Binary Search Trees

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# Binary Search Trees - PowerPoint PPT Presentation

Binary Search Trees. 6. <. 2. 9. >. =. 8. 1. 4. Ordered Dictionaries. Keys are assumed to come from a total order. New operations: first (): first entry in the dictionary ordering last (): last entry in the dictionary ordering

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### Binary Search Trees

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Binary Search Trees

Ordered Dictionaries
• Keys are assumed to come from a total order.
• New operations:
• first(): first entry in the dictionary ordering
• last(): last entry in the dictionary ordering
• successors(k): iterator of entries with keys greater than or equal to k; increasing order
• predecessors(k): iterator of entries with keys less than or equal to k; decreasing order

Binary Search Trees

Binary Search
• Binary search can perform operation find(k) on a dictionary implemented by means of an array-based sequence, sorted by key
• similar to the high-low game
• at each step, the number of candidate items is halved
• terminates after O(log n) steps
• Example: find(7)

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Binary Search Trees

A search table is a dictionary implemented by means of a sorted sequence

We store the items of the dictionary in an array-based sequence, sorted by key

We use an external comparator for the keys

Performance:

find takes O(log n) time, using binary search

insert takes O(n) time since in the worst case we have to shift n/2 items to make room for the new item

remove take O(n) time since in the worst case we have to shift n/2 items to compact the items after the removal

The lookup table is effective only for dictionaries of small size or for dictionaries on which searches are the most common operations, while insertions and removals are rarely performed (e.g., credit card authorizations)

Search Tables

Binary Search Trees

A binary search tree is a binary tree storing keys (or key-value entries) at its internal nodes and satisfying the following property:

Let u, v, and w be three nodes such that u is in the left subtree of v and w is in the right subtree of v. We have key(u)key(v) key(w)

External nodes do not store items (for now)

An inorder traversal of a binary search trees visits the keys in increasing order

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Binary Search Trees

Binary Search Trees

Search

AlgorithmTreeSearch(k, v)

ifT.isExternal (v)

returnv

if k<key(v)

returnTreeSearch(k, T.left(v))

else if k=key(v)

returnv

else{ k>key(v) }

returnTreeSearch(k, T.right(v))

• To search for a key k, we trace a downward path starting at the root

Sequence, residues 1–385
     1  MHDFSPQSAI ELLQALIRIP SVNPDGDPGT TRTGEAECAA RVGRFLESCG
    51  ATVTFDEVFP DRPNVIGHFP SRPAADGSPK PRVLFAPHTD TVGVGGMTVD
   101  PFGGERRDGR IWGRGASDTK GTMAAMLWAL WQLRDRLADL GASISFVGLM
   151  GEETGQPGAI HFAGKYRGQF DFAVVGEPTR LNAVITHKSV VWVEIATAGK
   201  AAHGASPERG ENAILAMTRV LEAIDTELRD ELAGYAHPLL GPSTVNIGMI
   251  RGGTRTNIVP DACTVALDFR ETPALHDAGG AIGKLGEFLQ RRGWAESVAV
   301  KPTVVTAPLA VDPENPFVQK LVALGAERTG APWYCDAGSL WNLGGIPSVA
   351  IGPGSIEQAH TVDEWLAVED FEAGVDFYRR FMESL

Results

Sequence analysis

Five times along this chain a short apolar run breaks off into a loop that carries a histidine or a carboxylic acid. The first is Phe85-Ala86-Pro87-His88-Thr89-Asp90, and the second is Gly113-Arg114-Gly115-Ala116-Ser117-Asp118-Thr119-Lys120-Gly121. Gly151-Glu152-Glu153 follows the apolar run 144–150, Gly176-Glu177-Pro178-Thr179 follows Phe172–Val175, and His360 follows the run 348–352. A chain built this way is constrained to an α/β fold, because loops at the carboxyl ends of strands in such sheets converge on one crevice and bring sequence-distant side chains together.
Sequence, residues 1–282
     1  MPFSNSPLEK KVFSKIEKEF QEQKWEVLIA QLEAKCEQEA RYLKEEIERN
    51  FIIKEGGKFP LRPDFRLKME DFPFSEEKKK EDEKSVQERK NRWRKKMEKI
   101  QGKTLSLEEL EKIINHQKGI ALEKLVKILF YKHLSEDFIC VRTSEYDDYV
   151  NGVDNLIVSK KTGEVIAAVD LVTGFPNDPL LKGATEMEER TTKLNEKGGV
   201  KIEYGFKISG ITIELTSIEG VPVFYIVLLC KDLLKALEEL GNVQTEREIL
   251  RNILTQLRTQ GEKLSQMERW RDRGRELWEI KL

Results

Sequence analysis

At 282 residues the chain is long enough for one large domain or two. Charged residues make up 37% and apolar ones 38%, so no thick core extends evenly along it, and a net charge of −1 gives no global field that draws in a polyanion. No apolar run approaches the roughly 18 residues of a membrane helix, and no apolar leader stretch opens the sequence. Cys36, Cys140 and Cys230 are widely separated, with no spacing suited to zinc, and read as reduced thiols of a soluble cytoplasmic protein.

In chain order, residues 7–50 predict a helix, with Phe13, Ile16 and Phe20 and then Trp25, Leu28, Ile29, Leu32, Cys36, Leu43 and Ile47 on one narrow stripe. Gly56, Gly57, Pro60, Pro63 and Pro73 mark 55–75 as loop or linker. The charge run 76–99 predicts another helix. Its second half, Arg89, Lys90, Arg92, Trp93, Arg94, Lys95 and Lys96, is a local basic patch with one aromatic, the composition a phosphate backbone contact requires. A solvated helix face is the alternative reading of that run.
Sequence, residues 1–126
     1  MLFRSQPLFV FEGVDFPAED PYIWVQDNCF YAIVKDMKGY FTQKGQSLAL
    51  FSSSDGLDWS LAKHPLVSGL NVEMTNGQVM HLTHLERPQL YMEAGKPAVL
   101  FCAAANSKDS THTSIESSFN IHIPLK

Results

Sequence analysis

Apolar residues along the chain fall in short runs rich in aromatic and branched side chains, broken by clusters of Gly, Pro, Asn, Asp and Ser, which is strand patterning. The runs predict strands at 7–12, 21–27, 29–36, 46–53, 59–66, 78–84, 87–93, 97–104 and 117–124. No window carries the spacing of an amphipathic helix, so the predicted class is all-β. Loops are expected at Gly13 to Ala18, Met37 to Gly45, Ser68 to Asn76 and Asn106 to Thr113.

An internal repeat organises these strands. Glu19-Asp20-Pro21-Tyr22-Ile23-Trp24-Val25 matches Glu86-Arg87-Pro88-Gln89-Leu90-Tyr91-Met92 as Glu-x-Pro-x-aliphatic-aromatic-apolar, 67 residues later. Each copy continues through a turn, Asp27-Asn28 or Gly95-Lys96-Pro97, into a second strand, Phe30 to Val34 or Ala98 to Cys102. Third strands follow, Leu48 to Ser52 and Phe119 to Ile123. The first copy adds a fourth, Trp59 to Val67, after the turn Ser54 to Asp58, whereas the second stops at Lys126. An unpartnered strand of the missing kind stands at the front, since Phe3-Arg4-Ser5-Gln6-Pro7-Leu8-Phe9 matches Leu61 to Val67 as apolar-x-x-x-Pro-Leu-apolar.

• The next node visited depends on the outcome of the comparison of k with the key of the current node
• If we reach a leaf, the key is not found and we return null
• Example: find(4):
• Call TreeSearch(4,root)

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Binary Search Trees

Insertion

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• To perform operation insert(k, o), we search for key k (using TreeSearch)
• Assume k is not already in the tree, and let w be the leaf reached by the search
• We insert k at node w and expand w into an internal node
• Example: insert 5

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Binary Search Trees

Deletion

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• To perform operation remove(k), we search for key k
• Assume key k is in the tree, and let v be the node storing k
• If node v has a leaf child w, we remove v and w from the tree with operation removeExternal(w), which removes w and its parent
• Example: remove 4

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Binary Search Trees

Deletion (cont.)

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• We consider the case where the key k to be removed is stored at a node v whose children are both internal
• we find the internal node w that follows v in an inorder traversal
• we copy key(w) into node v
• we remove node w and its left child z (which must be a leaf) by means of operation removeExternal(z)
• Example: remove 3

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Binary Search Trees

Performance
• Consider a dictionary with n items implemented by means of a binary search tree of height h
• the space used is O(n)
• methods find, insert and remove take O(h) time
• The height h is O(n) in the worst case and O(log n) in the best case

Binary Search Trees